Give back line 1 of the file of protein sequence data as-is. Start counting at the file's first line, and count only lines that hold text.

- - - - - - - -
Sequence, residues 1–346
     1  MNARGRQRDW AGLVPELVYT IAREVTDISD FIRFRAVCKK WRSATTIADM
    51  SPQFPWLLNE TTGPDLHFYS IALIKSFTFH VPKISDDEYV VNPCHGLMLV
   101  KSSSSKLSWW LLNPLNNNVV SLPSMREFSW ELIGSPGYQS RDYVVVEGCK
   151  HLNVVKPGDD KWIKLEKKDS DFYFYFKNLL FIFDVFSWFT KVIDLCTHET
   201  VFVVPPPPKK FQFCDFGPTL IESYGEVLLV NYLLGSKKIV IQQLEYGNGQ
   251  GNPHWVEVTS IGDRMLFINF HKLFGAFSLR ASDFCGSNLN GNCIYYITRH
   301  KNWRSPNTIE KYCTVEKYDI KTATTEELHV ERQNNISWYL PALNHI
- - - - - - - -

Sequence, residues 1–346